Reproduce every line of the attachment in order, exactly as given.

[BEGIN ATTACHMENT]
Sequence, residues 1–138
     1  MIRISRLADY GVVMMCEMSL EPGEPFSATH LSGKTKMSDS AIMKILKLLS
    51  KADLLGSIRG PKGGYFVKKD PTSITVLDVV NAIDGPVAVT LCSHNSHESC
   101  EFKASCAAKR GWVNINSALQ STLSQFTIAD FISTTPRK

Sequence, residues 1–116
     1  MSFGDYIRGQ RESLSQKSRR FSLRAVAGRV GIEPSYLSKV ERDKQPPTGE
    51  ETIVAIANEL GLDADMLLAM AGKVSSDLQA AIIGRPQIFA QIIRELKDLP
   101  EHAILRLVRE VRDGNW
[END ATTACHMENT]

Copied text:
Sequence, residues 1–138
     1  MIRISRLADY GVVMMCEMSL EPGEPFSATH LSGKTKMSDS AIMKILKLLS
    51  KADLLGSIRG PKGGYFVKKD PTSITVLDVV NAIDGPVAVT LCSHNSHESC
   101  EFKASCAAKR GWVNINSALQ STLSQFTIAD FISTTPRK

Sequence, residues 1–116
     1  MSFGDYIRGQ RESLSQKSRR FSLRAVAGRV GIEPSYLSKV ERDKQPPTGE
    51  ETIVAIANEL GLDADMLLAM AGKVSSDLQA AIIGRPQIFA QIIRELKDLP
   101  EHAILRLVRE VRDGNW